Snowing Code

Personal notes on software development

Sinatra Eye for the .NET Guy

(Publish date: 02/06/2011)

So writing this blog using Sinatra has been a brilliant experience up until now. The main reason to start hacking around and porting my blog from wordpress to here was obviously education- but not just for education on itself. I think the main lesson was the knowledge I've acquired to make an educated decision in the future, when the opportunity will come up, to use a ruby rack-based framework to build a website. I can honestly say now that next time I'm being asked to build a web site whose major functionality would be to display information- static or without far too much complex presentation logic- Sinatra would be my first choice. The reason for making such a decision would be without a doubt the ruby ecosystem- the wonderful choice of ruby gems out there, the amount of documentation one can find on the web and the brilliant community that'll be always happy to help you out with the questions you may have.

Gems are probably the best example for the case of simplicity and code reduction. Two of the gems I've used when writing this site were nokogiri and gmail_sender. With gmail_sender it was simply the need to enable email sending via gmail; plenty of gems are out there to perform this same task and gmail_sender was the one that worked for me the best. All you need to do is call mail.send(:to => email_address, :subject => subject, :content => content) - that easy!

As for Nokogiri, I wanted to import all of my old wordpress posts. Nothing would be easier than doing that with nokogiri. Something like:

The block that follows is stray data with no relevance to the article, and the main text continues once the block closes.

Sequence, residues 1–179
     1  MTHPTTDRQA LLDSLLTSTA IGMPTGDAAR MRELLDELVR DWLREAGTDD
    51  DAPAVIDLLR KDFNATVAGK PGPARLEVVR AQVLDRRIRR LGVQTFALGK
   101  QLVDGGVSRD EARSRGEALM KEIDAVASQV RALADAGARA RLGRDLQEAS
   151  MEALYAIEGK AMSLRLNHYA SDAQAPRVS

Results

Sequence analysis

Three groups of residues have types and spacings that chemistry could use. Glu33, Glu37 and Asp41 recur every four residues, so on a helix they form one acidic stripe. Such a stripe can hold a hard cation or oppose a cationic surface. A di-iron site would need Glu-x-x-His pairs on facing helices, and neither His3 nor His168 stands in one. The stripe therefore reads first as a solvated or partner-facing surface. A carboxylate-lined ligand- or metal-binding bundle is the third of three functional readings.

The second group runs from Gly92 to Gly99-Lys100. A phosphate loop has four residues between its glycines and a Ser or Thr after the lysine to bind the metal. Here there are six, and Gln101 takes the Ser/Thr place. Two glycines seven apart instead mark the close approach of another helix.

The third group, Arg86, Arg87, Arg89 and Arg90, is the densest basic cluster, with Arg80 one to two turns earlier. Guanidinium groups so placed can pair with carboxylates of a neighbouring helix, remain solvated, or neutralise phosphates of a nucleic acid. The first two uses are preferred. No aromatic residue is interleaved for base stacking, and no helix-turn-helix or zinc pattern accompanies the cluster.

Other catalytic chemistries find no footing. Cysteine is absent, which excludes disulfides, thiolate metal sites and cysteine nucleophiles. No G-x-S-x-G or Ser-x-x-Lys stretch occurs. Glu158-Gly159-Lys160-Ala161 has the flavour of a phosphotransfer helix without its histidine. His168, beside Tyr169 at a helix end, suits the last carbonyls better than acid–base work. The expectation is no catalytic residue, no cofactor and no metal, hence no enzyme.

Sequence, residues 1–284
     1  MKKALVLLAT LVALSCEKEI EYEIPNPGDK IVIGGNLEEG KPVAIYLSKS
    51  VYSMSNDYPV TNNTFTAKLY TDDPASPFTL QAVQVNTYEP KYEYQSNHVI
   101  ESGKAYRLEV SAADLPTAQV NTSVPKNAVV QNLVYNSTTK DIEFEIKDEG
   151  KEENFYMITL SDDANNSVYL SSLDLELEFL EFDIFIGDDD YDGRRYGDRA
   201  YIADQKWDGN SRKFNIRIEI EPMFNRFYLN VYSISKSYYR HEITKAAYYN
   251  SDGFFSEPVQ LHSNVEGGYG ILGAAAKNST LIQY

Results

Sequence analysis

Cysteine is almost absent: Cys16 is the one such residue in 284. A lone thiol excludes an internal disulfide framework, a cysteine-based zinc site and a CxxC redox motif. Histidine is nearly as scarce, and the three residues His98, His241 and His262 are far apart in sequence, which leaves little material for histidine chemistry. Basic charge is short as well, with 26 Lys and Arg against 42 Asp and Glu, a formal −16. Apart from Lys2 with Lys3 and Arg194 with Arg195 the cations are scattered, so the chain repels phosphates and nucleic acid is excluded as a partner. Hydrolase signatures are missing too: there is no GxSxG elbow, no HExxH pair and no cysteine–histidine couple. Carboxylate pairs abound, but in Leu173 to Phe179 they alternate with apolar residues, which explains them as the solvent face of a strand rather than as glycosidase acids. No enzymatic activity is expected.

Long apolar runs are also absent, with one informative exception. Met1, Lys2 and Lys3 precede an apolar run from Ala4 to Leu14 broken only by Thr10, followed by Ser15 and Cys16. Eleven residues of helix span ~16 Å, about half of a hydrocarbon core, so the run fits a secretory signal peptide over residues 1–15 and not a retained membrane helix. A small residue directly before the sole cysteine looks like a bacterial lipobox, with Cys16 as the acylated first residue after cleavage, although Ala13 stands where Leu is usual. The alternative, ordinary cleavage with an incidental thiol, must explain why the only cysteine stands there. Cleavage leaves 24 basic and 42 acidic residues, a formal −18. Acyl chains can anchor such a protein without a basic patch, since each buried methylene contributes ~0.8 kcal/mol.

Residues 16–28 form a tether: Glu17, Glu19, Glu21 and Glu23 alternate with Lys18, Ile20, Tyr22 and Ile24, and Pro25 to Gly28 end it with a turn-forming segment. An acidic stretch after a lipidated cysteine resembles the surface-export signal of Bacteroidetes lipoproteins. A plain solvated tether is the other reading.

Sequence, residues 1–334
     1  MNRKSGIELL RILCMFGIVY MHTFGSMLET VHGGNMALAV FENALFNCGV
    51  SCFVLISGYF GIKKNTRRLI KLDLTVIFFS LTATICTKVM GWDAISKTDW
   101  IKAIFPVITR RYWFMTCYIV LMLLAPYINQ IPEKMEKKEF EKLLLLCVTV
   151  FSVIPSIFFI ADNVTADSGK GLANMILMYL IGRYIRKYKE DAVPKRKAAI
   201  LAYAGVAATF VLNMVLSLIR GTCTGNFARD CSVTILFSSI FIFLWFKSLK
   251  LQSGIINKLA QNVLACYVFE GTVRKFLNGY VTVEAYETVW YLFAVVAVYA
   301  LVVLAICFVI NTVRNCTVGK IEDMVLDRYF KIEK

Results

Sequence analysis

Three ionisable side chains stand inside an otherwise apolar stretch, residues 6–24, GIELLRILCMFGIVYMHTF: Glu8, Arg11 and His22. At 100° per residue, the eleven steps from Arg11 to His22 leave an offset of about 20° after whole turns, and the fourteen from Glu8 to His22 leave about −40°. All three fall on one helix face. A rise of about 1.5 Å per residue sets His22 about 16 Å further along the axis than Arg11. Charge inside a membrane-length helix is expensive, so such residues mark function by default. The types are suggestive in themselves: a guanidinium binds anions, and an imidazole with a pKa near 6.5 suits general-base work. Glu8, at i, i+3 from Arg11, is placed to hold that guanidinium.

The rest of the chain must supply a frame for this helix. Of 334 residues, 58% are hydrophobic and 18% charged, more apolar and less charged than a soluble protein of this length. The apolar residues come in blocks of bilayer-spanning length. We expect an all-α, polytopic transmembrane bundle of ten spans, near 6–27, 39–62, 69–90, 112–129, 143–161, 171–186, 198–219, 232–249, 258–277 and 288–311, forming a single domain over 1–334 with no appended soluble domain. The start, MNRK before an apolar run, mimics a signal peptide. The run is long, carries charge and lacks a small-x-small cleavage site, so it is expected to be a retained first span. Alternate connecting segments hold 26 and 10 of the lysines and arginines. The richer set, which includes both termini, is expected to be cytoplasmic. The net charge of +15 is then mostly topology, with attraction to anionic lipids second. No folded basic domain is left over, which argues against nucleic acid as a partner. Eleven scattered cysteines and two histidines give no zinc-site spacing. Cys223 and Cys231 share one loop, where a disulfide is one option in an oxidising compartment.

doc = Nokogiri::HTML(open(post_url))
body = doc.xpath("//body")
divs = body.xpath("//div")
post_text = divs > ".entrytext"
was enough to make me work it out. sweet.

Another life saver was the rss renderer baked into Sinatra. These sort of things just make you think how insane it would be using .NET for doing the same thing. I think Justin Etheredge made a good enough point about this.

The most important advice I could give someone who wishes to pick up Sinatra and start writing something would be rather obvious: RTFM. The Sinatra Readme document is a good place to start and the Sinatra-book is in my opinion the best place to get a proper insight into the framework. Thing is, only after reading what the framework can do, will you know what do you need to look for elsewhere, what sort of gems you may need to find and gain time afterwards. Obviously.
Knowing beforehand that you need to add use Rack::MethodOverride in order to have the delete and put methods could save you a lot of head scratchings.

A few pointers I did find useful myself:

  • When dealing with different pages of different parts/concerns of your application, in order to separate these into different classes, or if you'd like 'controllers', just move your 'actions' into a new class inheriting from Sinatra::Base, while adding to your 'primary' controller use MyWebSite::SecondController
  • Working with Haml has proved to be a truly agreable experience. Thinking about the parts of your page as classes really pays out when you are then sitting down to add the corresponding styles.
  • Last but not least- heroku. A lot has been written about it, so I'm not going to senselessly reiterate it. I'll just say that I found the ability to deploy, rollback, fix and redeploy directly to live and on top of that straight from the beginning, was exactly what I would like any work experience to look like. A man can dream...

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